Separation checklist must-haves - The Community Leader and Real Estate New and Views

According to ABS figures, divorce in Australia is on the rise while the number of those taking wedding vows continues to plummet.

Danielle Dick, Practice Leader and Senior Associate from Australian Family Lawyers, said more Australians than ever are going through separation and divorce, but they shouldn’t have to do it alone. “At this most confusing and vulnerable time, it’s essential they are adequately equipped with the right information and resources for this challenging process,” said Danielle.

To help more Aussies smoothly navigate the separation process, Australian Family Lawyers offers the following tips:

  1. Obtain objective third-party advice first: Therapists and family lawyers play a pivotal role in divorce and separation, especially for those without a support network. They provide sound, objective advice without the bias of personal relationships.
  2. Begin with an online search: In a divorce, Google is your friend. Start by researching a reputable law firm to represent you, or look for community legal centres if you’re short on cash.
  3. Take cyber security seriously: Ensure your digital footprint is secure. This includes updating passwords across all accounts and platforms and turning off iCloud sharing if you’re on iOS. Consider having a trusted friend or family handle payments if you’re keen to avoid raising suspicion.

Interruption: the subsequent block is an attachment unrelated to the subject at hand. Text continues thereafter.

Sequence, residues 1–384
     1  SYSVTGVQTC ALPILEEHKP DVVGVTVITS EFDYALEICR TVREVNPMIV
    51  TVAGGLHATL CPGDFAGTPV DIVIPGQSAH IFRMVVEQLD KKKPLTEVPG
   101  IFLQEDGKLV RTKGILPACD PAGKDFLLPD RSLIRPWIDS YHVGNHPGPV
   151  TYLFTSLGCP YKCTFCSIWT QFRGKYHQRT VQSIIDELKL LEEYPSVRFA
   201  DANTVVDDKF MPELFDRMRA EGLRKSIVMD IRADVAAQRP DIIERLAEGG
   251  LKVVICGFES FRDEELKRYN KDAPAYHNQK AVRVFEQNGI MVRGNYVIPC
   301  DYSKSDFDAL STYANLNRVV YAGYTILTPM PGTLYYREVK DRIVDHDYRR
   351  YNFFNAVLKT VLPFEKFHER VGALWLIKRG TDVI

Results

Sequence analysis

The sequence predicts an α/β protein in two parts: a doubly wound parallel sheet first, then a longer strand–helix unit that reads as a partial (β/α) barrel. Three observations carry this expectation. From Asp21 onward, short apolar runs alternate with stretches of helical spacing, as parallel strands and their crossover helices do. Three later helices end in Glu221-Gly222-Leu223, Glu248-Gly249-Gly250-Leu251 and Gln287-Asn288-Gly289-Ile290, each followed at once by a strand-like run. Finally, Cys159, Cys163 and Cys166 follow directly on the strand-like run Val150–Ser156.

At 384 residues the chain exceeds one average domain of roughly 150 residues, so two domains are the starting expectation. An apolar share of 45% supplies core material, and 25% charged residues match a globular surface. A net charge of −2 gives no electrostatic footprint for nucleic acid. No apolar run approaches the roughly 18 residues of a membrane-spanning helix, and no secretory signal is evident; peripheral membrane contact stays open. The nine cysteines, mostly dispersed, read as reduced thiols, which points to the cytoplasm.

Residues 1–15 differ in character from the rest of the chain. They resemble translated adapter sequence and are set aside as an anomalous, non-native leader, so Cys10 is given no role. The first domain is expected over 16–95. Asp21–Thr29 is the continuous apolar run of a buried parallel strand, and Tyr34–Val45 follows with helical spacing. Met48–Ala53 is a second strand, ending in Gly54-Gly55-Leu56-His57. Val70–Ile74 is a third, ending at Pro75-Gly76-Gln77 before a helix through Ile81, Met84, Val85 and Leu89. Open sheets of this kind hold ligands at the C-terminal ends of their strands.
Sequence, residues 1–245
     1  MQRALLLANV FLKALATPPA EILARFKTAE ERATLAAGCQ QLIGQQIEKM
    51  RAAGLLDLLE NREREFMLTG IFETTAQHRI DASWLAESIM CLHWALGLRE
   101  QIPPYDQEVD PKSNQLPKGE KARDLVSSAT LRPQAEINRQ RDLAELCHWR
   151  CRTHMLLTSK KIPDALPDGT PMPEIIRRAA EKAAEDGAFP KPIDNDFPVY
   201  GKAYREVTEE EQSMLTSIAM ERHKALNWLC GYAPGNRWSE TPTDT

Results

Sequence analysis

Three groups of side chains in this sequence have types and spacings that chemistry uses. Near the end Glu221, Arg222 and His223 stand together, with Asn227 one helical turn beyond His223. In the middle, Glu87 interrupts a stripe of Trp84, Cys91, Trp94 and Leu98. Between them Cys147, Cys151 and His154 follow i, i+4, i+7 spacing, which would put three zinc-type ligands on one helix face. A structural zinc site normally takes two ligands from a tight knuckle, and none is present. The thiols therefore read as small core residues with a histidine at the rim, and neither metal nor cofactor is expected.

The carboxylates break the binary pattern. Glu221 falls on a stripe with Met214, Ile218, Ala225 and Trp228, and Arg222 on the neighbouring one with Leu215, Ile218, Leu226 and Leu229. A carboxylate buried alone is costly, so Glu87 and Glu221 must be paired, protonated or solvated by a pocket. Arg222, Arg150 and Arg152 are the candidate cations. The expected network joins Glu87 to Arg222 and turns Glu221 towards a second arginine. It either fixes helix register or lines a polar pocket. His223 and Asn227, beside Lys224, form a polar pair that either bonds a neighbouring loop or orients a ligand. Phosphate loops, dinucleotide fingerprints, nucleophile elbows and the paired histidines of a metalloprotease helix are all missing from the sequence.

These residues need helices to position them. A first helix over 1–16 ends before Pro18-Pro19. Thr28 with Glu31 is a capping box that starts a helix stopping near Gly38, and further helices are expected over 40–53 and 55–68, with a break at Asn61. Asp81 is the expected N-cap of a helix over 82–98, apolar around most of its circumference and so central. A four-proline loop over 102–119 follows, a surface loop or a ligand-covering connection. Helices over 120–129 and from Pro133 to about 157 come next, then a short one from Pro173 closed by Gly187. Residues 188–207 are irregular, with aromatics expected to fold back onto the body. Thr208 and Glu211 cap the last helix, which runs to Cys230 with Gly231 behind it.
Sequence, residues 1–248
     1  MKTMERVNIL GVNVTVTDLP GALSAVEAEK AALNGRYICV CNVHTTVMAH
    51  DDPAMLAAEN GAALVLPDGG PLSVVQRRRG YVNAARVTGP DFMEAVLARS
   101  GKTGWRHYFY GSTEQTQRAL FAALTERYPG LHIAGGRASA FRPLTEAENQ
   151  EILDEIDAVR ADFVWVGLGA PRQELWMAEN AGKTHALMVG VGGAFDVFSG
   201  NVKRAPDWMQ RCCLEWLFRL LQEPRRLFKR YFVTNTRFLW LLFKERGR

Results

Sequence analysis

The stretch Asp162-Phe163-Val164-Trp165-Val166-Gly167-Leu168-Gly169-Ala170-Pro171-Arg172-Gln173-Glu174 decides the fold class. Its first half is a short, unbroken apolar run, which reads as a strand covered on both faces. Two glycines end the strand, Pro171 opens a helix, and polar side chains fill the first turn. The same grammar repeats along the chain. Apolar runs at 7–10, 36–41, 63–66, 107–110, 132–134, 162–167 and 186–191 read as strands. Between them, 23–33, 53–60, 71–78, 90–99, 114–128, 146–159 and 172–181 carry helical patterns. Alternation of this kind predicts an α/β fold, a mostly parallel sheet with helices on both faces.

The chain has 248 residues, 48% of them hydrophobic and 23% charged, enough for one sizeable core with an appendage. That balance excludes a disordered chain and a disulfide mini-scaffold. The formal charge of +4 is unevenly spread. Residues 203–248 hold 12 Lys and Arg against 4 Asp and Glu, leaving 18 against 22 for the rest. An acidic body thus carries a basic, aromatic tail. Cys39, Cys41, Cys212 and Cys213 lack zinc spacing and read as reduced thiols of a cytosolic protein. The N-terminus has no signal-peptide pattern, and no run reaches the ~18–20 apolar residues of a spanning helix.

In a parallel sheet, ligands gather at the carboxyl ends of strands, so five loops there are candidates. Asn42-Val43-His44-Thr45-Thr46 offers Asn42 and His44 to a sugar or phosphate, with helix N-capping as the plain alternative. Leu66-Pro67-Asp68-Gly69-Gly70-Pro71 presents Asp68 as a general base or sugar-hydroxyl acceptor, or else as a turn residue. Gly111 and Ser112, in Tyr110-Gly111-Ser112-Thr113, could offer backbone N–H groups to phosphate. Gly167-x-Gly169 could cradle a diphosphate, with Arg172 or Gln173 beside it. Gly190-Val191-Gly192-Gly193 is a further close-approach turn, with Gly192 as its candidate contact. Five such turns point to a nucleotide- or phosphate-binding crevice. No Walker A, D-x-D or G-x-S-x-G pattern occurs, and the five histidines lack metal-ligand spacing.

4. For the homemakers: Homemakers often feel trapped in marriages due to financial dependency and children. If possible, they should try to be actively involved in the family’s finances by paying bills and taking an interest in the household budget. They should also look to local community centres and churches for additional support.
  5. Parenting post-separation: It’s imperative to establish a parenting plan if children are involved. A written agreement will help work out things like who gets the children at Christmas.

“There are a number of stubborn myths that persist when it comes to separation and divorce,” says Danielle.

“Chief among these is the idea that living together for six months automatically grants you de facto status. There’s a lot more to it than that – for example if you have kids or if there’s significant financial interdependence.

“Then there’s the belief that infidelity has an influence on separation proceedings – it doesn’t, but domestic violence does. Lastly, there’s the belief that custody automatically goes to the mother. The reality is the parent who is best suited to provide care is the one who will be mandated to care for the child.”

To find out more, call Australian Family Lawyers on 1300 678 830.

Mention “The Community Leader” to claim your complimentary 30-minute consultation.


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